Put your chopped onion in a pot with a small amount of water or olive oil and cook for a minute or two.
Chop the mushrooms and add them in along with the crushed or minced garlic.
Cut the tops off of your peppers and put them into a deep pan that can be covered. You can cut the bottoms off too, if they are wobbly.
Your tofu should be browning after ten minutes or so!
Cook up your rice. Once it’s done, I just pour the riced cauliflower into the pot and let it steam. Stir them together and add to your mushrooms and onion.
Add in a quarter of the jar of tomato sauce and the browned cultured tofu. I put kalamata olives in mine this time. Taste the filling to see if it needs salt or other spices to balance it out.
Stuff your peppers with the filling. Top the tomato sauce jar off with water to thin the sauce. Shake it up and pour it over your peppers.
Cover and bake at 400 degrees until your peppers are the desired softness. I like mine really soft! Really soft takes an hour or so.
This dish is low calorie and so delicious. Between the immune building garlic, the peppers, and the cultured tofu, it also really packs a healthy punch!
I was once a decidedly BAD cook. I tried. I made raviolis from scratch! They sucked and we had to go out to eat. Then I found a book called On Food and Cooking by Harold McGee. It was all about the science behind food and what makes it good. I was pretty fascinated by this, though I will admit, the only thing I still remember (I checked it out from the library five years ago) is the five flavors rule. When you are cooking, you gotta understand the six flavors-sweet, sour, salty, spicy, bitter, and umami. Each of the flavors has its inverse operator. Here’s a nifty chart to help.
This idea saved my cooking. I didn’t suddenly become good at ravioli (I tried them again literally two days ago and we ended up ordering out) but I did begin to understand what makes food taste good, once I started tasting things and trying to understand what they needed to become balanced. This recipe is going to need a little of that adventurous spirit on your part!! Don’t worry, it’s hard to go wrong with these ingredients:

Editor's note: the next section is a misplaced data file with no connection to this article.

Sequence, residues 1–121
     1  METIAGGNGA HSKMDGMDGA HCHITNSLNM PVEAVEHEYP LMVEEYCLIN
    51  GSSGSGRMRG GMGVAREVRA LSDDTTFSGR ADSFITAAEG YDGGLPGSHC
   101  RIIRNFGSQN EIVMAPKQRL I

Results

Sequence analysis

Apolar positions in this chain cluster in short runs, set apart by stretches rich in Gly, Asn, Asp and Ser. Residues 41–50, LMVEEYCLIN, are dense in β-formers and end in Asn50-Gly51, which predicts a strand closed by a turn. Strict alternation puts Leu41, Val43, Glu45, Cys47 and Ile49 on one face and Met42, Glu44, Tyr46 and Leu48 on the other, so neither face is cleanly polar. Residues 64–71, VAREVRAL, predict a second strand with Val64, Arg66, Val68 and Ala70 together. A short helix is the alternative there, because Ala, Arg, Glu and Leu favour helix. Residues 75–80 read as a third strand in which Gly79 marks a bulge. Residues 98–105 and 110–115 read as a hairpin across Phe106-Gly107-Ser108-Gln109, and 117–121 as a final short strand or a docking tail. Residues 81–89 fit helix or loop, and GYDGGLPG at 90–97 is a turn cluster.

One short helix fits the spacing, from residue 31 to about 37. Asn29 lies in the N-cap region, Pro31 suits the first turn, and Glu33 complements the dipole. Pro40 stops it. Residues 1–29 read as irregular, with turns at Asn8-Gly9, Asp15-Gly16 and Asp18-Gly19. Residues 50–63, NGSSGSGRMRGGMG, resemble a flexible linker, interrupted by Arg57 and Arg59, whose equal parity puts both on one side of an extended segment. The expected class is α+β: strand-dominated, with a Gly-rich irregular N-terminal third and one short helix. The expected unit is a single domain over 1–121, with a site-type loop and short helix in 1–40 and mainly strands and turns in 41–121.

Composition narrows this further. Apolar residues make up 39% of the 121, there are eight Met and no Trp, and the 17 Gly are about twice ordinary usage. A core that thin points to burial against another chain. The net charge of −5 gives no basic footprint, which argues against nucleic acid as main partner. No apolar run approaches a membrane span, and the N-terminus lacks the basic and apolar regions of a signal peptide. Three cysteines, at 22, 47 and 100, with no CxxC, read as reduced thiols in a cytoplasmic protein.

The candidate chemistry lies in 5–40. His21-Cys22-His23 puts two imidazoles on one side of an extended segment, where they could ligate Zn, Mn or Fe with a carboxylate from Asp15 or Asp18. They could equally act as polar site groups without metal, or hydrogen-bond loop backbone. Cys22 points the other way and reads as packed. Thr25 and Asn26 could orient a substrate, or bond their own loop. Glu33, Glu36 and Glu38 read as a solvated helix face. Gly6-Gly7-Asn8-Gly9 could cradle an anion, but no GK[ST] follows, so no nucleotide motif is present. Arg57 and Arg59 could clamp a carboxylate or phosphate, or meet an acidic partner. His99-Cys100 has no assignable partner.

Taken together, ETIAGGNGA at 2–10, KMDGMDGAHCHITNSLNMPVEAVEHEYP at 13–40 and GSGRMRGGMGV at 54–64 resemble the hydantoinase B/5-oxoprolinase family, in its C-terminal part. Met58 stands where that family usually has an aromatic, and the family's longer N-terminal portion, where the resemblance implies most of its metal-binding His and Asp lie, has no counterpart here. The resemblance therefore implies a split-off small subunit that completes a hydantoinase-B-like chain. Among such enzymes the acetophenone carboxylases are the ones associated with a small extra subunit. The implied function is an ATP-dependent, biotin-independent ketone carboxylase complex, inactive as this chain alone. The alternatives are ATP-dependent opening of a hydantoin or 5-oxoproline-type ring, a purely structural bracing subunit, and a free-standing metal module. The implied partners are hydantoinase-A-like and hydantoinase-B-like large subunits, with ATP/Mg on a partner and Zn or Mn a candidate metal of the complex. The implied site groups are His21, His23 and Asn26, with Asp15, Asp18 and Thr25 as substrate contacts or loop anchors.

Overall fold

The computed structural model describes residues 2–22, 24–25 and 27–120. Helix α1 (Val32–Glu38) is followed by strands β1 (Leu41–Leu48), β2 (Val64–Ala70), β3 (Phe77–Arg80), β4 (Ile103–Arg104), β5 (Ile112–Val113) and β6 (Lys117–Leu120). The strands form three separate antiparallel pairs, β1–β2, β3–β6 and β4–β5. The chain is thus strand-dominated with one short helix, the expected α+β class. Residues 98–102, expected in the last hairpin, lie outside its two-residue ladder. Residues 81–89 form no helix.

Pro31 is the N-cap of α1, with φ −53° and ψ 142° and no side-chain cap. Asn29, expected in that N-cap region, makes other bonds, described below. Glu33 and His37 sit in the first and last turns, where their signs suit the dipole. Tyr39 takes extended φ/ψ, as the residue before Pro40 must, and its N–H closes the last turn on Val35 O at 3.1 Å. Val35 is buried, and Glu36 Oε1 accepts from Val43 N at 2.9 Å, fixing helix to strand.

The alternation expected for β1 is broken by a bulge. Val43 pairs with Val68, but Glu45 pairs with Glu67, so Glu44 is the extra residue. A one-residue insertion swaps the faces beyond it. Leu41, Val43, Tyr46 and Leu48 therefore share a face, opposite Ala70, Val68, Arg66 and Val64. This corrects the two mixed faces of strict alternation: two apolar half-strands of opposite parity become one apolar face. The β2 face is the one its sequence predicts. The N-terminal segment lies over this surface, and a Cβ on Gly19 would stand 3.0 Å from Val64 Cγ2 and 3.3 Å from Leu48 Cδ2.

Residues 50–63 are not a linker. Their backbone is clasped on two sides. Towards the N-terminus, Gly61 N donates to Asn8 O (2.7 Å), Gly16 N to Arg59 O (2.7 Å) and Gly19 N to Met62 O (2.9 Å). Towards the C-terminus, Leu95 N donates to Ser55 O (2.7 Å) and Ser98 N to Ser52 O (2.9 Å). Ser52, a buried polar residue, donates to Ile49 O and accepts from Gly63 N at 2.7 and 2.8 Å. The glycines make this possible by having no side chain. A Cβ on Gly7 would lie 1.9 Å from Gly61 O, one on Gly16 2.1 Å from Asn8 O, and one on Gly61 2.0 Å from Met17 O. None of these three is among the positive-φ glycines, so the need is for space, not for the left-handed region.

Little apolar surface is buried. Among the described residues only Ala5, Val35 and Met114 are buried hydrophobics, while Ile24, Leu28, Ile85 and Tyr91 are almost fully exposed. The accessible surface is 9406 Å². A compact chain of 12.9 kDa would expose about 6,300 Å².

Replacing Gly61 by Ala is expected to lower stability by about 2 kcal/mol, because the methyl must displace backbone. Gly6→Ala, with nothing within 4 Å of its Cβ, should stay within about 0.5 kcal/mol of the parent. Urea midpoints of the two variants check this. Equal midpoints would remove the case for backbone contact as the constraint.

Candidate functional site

- some peanut milk cheese (umami and sour)
- sriratcha (spicy! and sour)
- maple syrup (sweet)
- garlic (bitter)
- salt (duh)
- veggies of choice (I used onion, corn, red pepper, and broccoli)
- noodles of choice (I used my favorite Lotus pad thai noodles)
- This is the peanut cheese. If you’re making this from scratch, just don’t drip the peanut protein out as much. Drip it out until it is a nice saucy texture. If you’ve already made the cheese, mix in sriratcha to taste, four tablespoons of non-dairy yogurt (or 2 T non-dairy milk if you don’t have any yogurt), two-three tablespoons of maple syrup, and salt (start slow, like 1/4 teaspoon, and move up from there SLOWLY. Understand that things will get saltier as the salt dissolves, so wait before you add more salt. Salt is my nemesis.) Taste it a million times and start to try to understand what it wants to be good and balanced! It’s fun, once you get the hang of it.
This is the peanut cheese. ^
- Ingredients whisked in. ^
2. Don’t forget the maple syrup! Its super important to balance out the double sours from peanut cheese culture and the sriratcha vinegar.
3. Steam or stir fry your veggies.
4. Cook up your noodles. I love these.
5. I usually cook up a little tofu too.